Isaiah 19:3:

3 And the spirit of Egypt shall fail in the midst thereof; and I will destroy the counsel thereof: and they shall seek to the idols, and to the charmers, and to them that have familiar spirits, and to the wizards. [KJV]

3 And emptied out hath been in its midst the spirit of Egypt. And its counsel I swallow up, And they have sought unto the idols, And unto the charmers, And unto those having familiar spirits, And unto the wizards. [YLT]

3 Then the spirit of the Egyptians will be demoralized within them; And I will confuse their strategy, So that they will resort to idols and ghosts of the dead, And to mediums and spiritists. [NASB]

3 and the spirit of the Egyptians within them will be emptied out, and I will confound their counsel; and they will inquire of the idols and the sorcerers, and the mediums and the necromancers; [ESV]

Isaiah 29:4:

4 And thou shalt be brought down, and shalt speak out of the ground, and thy speech shall be low out of the dust, and thy voice shall be, as of one that hath a familiar spirit, out of the ground, and thy speech shall whisper out of the dust. [KJV]

4 And thou hast been low, From the earth thou speakest, And from the dust makest thy saying low, And thy voice hath been from the earth, As one having a familiar spirit, And from the dust thy saying whisperest, [YLT]

4 Then you will be brought low; From the earth you will speak, And from the dust where you are prostrate Your words will come. Your voice will also be like that of a spirit from the ground, And your speech will whisper from the dust. [NASB]

And you will be brought low; from the earth you shall speak, and from the dust your speech will be bowed down; your voice shall come from the ground like the voice of a ghost, and from the dust your speech shall whisper. [ESV]

What is a familiar spirit/ghost of the dead/spirit from the ground? Also: what is the reason for the different expressions used by different translations? Do all translations capture equally well the intended meaning of the original author?


2 Answers 2


The matter in Isa 19:3 and 29:4 is how to translate אוֹב which BDB defines as listed below in the Appendix.

Note that the word means "necormancer" or "ghost" or "spirit" - one who supposedly conjures spirits who can give information about either the future or the dead.

The translation of the word is highly dependent in the culture in which it is made. Thus we have a variety of translations:

  • NIV, ESV, BSB, NASB, etc, "medium"
  • KJV (1611), ASV: them that have familiar spirits
  • Amplified Bible: they will consult ... the spirits of the dead
  • HCSB: spirits of the dead
  • Aramaic: necromancers

Despite this variety of translations, the meaning is exactly the same.

APPENDIX - BDB entry for אוֺב noun masculine

1 skin-bottle, only plural אֹבוֺת חֲדָשִׁים new (wine-) skins Job 32:19.

2 necromancer, in phrase אוֺב אוֺ יִדְּעֹנִי necromancer or wizard Leviticus 20:27 (H; usually translated 'a man also or woman that hath a familiar spirit or that is a wizard' RV; but better a man or a woman, if there should be among them, a necromancer or wizard; no sufficient reason for exceptional use of phrase here); וְיִדְּעֹנִי ׳א Deuteronomy 18:11; 2Chronicles 33:6 = 2 Kings 21:6 (where וידענים ׳א); הָאֹבוֺת וְהַיִּדְּעֹנִים Leviticus 19:31; Leviticus 20:6 (H) 1 Samuel 28:3,9; 2 Kings 23:24; Isaiah 8:19 (where repres. as chirping & muttering, in practice of their art of seeking dead for instruction, probably ventriloquism, & so ᵐ5) Isaiah 19:3.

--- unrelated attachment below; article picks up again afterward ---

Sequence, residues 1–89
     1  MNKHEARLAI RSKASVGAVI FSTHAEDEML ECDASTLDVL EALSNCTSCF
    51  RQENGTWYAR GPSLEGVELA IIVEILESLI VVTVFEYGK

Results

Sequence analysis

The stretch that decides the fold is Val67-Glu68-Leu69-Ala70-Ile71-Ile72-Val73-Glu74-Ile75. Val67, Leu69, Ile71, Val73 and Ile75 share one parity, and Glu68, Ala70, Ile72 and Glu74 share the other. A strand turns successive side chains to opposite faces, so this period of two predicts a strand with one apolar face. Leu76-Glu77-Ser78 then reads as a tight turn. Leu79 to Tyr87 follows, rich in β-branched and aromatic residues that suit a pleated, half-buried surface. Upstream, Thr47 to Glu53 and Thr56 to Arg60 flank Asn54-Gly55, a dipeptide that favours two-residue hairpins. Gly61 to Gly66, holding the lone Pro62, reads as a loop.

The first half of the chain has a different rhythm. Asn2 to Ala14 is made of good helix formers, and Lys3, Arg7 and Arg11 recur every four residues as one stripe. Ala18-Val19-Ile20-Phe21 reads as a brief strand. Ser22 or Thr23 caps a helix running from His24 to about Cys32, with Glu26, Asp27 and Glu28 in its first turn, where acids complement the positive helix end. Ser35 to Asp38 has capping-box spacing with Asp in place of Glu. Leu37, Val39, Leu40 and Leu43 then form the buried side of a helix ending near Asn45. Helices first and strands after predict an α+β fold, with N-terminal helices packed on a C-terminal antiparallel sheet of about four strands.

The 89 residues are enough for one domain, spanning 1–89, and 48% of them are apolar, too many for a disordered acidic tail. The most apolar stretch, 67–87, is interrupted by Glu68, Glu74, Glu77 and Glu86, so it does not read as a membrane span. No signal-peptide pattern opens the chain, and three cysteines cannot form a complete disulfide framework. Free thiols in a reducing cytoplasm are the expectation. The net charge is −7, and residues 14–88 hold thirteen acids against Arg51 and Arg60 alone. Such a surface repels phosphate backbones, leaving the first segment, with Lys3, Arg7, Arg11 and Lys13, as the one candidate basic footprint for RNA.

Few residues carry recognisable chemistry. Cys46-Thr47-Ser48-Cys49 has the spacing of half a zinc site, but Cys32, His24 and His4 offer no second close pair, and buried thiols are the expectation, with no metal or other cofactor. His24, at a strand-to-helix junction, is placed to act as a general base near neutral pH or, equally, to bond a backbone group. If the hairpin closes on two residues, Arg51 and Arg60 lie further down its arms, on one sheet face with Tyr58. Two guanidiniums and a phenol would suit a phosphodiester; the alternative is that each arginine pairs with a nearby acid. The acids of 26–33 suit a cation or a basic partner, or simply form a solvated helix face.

3 ghost, Isaiah 29:4 וְהָיָה כְּאוֺב מֵאֶרֶץ קוֺלֵח וּמֵעָפָר אִמְרָתֵח תְּצַפְצֵף and thy voice shall be as a ghost from the ground and from the dust thy speech shall chirp (so Ge MV Ew De Che and others, but chirping might be of necromancer, as Isaiah 8:19).

4 necromancy אֵשֶׁת בַּעֲלַתאֿוֺב a woman who was mistress of necromancy 1 Samuel 28:7 (twice in verse); (> RSJPh xiv, 127 f makes אוֺב primarily a subterranean spirit, and significant. 2 only an abbreviation of ׳בעלתא etc.); קסם בּאוֺב divine by necromancy 1 Samuel 28:8, which seems to be interpretation of 1 Chronicles 10:13 ׳שׁאל בא inquire by necromancy. (In these three examples אוֺב is usually interpreted as ghost or familiar spirit conceived as dwelling in necromancer; but this apparently not the ancient conception.)


Isaiah 19:3 New International Version

The Egyptians will lose heart, and I will bring their plans to nothing; they will consult the idols and the spirits of the dead [H328], the mediums and the spiritists.

Strong's Exhaustive Concordance

charmer, gently, secret, softly
From an unused root perhaps meaning to move softly; (as a noun) a necromancer (from their soft incantations), (as an adverb) gently -- charmer, gently, secret, softly.

Isaiah 29:4

Brought low, you will speak from the ground; your speech will mumble out of the dust. Your voice will come ghostlike [H178] from the earth; out of the dust your speech will whisper.

Strong's Exhaustive Concordance

bottle, familiar spirit
From the same as 'ab (apparently through the idea of prattling a father's name); properly, a mumble, i.e. A water skin (from its hollow sound); hence a necromancer (ventriloquist, as from a jar) -- bottle, familiar spirit.

Both Hebrew words connect some kinds of tenuous sounds to ghostly sounds.

Both H328 and H178 were translated as "familiar spirit/s" by KJV.

Do all translations capture equally well the intended meaning of the original author?

No, because some versions do not distinguish between the two Hebrew words.


In European folklore of the Medieval and Early Modern periods, familiars (sometimes referred to as familiar spirits) were believed to be supernatural entities that would assist witches and cunning folk in their practice of magic.

what is the reason for the different expressions used by different translations?

Different translation philosophies, different cultural backgrounds.

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